An application can be considered CRUD only if there is no business logic around the data model. Even in this (rare) case, your data model is not your domain model. It just means that, as no business logics is involved, we don’t need any abstraction to manage it, and thus we have no domain model.

We use the domain model to manage the data that belongs inside the domain; the data from outside the domain is already managed somewhere else -- we're just caching a copy.

Greg Young uses warehouse systems as a primary illustration of solutions where the book of record is somewhere else (ie: the warehouse floor). The implementation he describes is a lot like yours -- one logical database to capture messages received from the warehouse, and then a separate logical database caching the conclusions drawn from the analysis of those messages.

So maybe we have two bounded contexts here? Each with a different model for an investment account

Maybe. I'd be reluctant to tag it as a bounded context, because it's not clear what other baggage comes along with it. It might be that you have two contexts, it might be one context with subtle differences in the ubiquitous language that you haven't picked up yet.

Possible litmus test: how many domain experts do you need; two domain experts to cover this spectrum, or just one who talks about the components in different ways? Basically, you might be able to guess how many bounded contexts you have by working Conway's law backwards.

If you consider bounded contexts to be aligned with services, it may be easier: should you be able to deploy these two pieces of functionality independently? Yes suggests two bounded contexts; but if they need to be kept synchronized, then maybe its just one.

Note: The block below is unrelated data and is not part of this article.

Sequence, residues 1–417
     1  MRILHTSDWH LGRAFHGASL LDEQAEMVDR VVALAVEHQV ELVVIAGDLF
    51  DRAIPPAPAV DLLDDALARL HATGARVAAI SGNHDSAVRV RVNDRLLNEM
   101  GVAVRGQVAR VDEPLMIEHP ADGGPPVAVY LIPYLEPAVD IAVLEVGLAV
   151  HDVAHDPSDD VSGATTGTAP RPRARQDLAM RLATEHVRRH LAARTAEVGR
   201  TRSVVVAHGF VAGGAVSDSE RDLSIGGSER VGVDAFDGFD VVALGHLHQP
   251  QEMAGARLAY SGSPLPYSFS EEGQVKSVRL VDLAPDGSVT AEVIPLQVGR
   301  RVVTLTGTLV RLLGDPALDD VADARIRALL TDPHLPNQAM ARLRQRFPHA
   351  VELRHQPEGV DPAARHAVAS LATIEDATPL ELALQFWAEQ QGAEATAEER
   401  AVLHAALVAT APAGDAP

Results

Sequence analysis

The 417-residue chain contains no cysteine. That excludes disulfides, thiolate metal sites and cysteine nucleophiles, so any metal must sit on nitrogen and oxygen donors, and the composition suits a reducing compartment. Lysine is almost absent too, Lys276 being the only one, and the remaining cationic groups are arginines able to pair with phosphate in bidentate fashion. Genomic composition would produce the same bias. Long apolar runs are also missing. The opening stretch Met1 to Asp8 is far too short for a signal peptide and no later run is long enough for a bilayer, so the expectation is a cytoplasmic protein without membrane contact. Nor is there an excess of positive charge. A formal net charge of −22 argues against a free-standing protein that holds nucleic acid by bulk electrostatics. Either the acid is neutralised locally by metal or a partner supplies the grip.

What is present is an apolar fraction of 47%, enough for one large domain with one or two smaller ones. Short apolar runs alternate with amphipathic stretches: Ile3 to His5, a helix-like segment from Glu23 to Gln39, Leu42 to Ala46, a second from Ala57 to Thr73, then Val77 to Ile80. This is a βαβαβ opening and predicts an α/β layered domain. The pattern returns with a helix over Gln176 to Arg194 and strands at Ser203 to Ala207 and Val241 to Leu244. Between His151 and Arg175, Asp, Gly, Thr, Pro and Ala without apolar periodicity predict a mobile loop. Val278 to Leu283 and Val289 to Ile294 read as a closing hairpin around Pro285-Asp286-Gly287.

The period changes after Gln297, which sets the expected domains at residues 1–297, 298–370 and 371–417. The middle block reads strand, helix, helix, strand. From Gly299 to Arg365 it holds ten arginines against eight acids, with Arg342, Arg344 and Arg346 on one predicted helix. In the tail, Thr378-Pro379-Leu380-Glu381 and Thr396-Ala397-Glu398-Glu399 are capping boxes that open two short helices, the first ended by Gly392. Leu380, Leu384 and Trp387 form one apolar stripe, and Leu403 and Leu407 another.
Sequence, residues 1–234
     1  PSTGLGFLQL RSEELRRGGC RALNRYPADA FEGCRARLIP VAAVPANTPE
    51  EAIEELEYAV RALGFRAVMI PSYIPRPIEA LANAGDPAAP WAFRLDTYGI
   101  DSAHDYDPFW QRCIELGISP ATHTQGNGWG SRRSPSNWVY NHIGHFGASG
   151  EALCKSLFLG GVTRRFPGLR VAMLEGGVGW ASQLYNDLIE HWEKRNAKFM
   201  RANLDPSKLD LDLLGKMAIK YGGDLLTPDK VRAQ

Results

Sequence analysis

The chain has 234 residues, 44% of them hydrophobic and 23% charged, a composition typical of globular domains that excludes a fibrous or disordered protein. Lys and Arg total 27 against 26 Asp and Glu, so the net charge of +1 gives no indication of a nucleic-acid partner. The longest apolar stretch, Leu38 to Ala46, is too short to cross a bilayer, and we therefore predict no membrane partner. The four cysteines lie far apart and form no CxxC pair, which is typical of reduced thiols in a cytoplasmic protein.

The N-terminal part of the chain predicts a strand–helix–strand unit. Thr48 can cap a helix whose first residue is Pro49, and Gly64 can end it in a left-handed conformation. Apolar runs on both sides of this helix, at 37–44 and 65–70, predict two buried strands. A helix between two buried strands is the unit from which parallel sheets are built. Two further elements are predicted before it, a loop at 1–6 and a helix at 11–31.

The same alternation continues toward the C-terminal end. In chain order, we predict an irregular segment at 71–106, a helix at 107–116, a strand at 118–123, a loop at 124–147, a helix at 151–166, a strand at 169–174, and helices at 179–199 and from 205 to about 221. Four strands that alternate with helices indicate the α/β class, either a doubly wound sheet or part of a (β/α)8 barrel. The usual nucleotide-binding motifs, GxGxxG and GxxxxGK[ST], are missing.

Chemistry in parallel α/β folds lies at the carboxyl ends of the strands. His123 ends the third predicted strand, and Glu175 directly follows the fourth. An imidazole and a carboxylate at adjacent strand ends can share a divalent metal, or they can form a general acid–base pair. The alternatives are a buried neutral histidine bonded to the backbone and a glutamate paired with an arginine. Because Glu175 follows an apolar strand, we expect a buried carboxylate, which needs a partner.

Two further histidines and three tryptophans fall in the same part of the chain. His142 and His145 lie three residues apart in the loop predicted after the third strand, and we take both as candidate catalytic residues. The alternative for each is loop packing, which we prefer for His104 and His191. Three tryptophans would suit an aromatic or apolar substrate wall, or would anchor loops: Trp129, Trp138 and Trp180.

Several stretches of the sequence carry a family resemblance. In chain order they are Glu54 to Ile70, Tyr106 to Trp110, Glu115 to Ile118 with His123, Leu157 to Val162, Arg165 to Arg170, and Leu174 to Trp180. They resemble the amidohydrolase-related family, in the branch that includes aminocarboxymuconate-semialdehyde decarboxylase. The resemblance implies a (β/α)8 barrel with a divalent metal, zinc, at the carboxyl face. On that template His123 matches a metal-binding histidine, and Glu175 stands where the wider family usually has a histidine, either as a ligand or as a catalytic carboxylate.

• Well there is validation and defaulting logic, but it only applies when creating/updating the raw inputs for an investment account. Then we use a much more rich model for the investment account when we use it as input to a calc engine. So maybe we have two bounded contexts here? Each with a different model for an investment account'
    – wired_in
    Aug 14, 2017 at 22:15
  • I just came back to this after several years, and your comment is resonating now more than before for some reason. There's a lot of good stuff here, but could you clarify one thing for me? You said "The point of the domain model, after all, is to ensure that all of the updates to the data maintain the current business invariant." This would apply to the part of our app that saves/updates information. The other part is just a calculation engine. It takes a representation of the data as inputs and spits out results. Is that not part of the domain model then? Since it doesn't affect stored data?
    – wired_in
    Mar 28, 2020 at 21:38
  • @wired_in Have you ever found the answer? Jul 9, 2023 at 8:10
  • Imho the calculation-engine also uses business invariants (constraints and rules defined by the business), hence are certainly part of the domain (avoid calculate, is a tech term; find something that express more the business purpose of the domain; maybe calculate is just a part of a bigger/whole business behaviour). Jul 12, 2023 at 12:34
  • About the CRUD operations I find myself modelling the domain also for that, because my AggregateRoot + Entities initialization provide generic validation and keep generically consistent initialization of data (then the mapping happens into Repositories). But beware: the mentioned "validation and defaulting logic" is 90% of the times only data-related or format-related or sanitation-related, and it is not something that belong to your domain (see @VoiceofUnreason 's examples above, about SSN and Emails). Jul 12, 2023 at 12:39